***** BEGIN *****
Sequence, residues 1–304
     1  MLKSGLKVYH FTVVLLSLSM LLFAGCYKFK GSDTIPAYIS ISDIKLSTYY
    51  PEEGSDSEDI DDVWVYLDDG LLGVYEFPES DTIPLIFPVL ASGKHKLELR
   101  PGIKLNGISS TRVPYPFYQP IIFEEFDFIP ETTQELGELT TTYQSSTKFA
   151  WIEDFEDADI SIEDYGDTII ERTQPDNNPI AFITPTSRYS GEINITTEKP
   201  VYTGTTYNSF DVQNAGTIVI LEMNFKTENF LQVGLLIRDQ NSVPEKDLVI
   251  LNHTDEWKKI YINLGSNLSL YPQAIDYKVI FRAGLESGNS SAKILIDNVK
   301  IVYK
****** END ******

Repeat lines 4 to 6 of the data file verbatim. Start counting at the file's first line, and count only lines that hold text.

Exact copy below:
   101  PGIKLNGISS TRVPYPFYQP IIFEEFDFIP ETTQELGELT TTYQSSTKFA
   151  WIEDFEDADI SIEDYGDTII ERTQPDNNPI AFITPTSRYS GEINITTEKP
   201  VYTGTTYNSF DVQNAGTIVI LEMNFKTENF LQVGLLIRDQ NSVPEKDLVI